As for the promise to abide by the lectionary, a funny thing happened on the way to the pulpit. I found the use of the lectionary not only not constricting, but liberating.
At the start I did a little informal canvassing, asking our parishioners if I should use the lectionary. About 6 percent responded that I should, 19 percent responded that I could but should not be bound by it, while 75 percent responded, "What's the lectionary?" We rehearsed again that the lectionary is a group of readings—four biblical selections for each Sunday of the church year. The readings are ecumenically determined, providing the consoling thought that on a given Sunday ministers all over the world are grappling with the same material. Each Sunday the lectionary offers readings from both the Hebrew scriptures as a whole and the Psalter in particular, as well as readings from both the Gospels and the Epistles.
To be sure, this arrangement still provides a great deal of latitude in choosing a text, since every Sunday offers four sets of possibilities for a sermon. So the arrangement hardly boxes one in. It does ensure, however, that from time to time one will be forced to consider passages that don't seem to lend themselves to the creation of a sermon. My experience was that in ways little short of amazing, a theme or text would emerge from the lectionary readings and speak to the human condition at the moment. I can recall only one time when the lectionary failed me, although perhaps what happened was that I failed it. This was the Sunday after the Rodney King verdict in Los Angeles. Nothing seemed to "fit" that event, so we had to repair to Amos and be reminded that justice must roll down like waters, and righteousness must flow like a mighty stream. That was the exception that proved the rule.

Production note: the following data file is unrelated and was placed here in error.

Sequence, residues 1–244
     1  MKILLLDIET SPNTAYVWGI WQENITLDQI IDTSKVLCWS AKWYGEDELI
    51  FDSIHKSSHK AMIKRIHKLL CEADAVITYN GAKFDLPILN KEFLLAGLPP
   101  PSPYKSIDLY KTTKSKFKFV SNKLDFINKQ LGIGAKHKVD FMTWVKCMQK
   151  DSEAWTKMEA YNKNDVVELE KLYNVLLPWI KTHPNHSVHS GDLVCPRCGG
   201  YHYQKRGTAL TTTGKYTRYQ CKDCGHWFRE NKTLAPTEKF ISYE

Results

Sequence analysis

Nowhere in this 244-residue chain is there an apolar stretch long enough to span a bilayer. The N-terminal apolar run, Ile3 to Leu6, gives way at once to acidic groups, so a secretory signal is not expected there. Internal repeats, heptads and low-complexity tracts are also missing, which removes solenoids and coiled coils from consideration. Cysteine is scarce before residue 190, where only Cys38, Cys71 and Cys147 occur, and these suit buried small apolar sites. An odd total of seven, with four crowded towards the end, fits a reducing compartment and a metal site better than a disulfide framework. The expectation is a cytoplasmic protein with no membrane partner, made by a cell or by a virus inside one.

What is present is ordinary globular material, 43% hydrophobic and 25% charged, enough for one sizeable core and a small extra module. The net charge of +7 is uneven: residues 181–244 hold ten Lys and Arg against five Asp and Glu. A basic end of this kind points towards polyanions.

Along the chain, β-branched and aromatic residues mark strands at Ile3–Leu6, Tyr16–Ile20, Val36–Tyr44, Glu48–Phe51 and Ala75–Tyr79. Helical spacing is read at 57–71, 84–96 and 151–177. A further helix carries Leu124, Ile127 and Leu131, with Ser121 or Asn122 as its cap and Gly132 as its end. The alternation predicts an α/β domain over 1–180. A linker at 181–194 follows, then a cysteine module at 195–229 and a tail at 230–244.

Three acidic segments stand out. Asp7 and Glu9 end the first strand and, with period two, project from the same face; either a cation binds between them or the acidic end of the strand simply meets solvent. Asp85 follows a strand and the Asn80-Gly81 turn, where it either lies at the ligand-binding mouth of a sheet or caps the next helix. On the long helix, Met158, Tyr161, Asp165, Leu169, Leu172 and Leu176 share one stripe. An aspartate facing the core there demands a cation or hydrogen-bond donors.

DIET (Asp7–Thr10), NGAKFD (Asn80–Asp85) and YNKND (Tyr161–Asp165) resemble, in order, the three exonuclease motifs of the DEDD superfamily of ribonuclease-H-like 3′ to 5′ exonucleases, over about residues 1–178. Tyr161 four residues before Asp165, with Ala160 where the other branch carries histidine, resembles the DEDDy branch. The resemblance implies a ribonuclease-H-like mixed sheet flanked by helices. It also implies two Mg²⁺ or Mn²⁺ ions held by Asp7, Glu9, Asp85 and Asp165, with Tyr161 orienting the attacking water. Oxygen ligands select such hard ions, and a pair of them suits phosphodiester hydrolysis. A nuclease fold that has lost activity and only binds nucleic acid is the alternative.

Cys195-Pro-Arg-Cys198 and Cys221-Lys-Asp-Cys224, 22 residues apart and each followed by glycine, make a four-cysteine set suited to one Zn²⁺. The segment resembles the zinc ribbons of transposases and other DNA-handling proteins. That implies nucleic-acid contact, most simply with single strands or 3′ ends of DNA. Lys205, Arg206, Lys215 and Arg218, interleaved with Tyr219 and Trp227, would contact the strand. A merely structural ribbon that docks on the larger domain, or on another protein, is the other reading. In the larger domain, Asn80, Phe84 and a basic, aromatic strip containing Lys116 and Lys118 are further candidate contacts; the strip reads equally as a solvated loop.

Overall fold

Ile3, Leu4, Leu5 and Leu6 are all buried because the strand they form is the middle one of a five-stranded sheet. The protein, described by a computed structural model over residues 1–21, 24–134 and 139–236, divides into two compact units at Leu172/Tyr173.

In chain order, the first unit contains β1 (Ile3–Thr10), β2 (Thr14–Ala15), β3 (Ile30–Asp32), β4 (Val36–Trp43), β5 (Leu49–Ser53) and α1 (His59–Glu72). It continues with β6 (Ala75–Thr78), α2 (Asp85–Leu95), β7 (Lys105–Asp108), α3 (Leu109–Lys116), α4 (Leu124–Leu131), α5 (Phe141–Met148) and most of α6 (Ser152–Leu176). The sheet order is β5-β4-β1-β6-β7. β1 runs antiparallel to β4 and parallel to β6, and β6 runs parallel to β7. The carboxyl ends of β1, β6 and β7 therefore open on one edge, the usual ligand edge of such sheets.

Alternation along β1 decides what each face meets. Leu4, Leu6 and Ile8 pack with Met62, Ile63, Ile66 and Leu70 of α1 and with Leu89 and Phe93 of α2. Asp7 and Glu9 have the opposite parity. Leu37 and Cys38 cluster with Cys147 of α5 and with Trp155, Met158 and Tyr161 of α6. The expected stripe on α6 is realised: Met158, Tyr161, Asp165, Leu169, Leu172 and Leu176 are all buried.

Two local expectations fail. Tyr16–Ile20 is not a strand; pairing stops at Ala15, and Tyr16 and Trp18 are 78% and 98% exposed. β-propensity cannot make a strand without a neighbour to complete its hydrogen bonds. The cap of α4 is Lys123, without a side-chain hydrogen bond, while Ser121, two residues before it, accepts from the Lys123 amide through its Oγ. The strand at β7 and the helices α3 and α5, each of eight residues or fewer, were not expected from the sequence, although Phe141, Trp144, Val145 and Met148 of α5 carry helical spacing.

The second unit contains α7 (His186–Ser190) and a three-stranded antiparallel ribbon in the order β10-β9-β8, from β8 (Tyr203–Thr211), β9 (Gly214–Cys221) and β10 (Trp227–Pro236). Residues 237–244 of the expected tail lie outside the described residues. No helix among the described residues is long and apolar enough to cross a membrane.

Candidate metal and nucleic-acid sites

My three and a half years with the lectionary taught me a number of things about the faith and its proclamation. First, I was always reminded that my task in the pulpit was not to give a little talk that might be called "Bob Brown looks at life," and might be characterized by an opening phrase like, "Here are some things I've been thinking about this week." No, I was called to wrestle with two apparently unlikely realities, the world of the Bible and the world of the here and now. No matter where one started, the sermon was not a sermon until those two worlds finally came together, each illuminating the other until they could not be separated. Karl Barth's famous aphorism vindicated itself dozens of times: "The Christian must always read with the Bible in one hand and the morning paper in the other." I discovered that our human story, no matter how immediate and apparently brand new, is made out of the stuff of the centuries, and that everything in our experience rings a bell with biblical experience—adultery, doubt, testing in a refiner's fire, suffering or death; and grace offered beyond any calculation.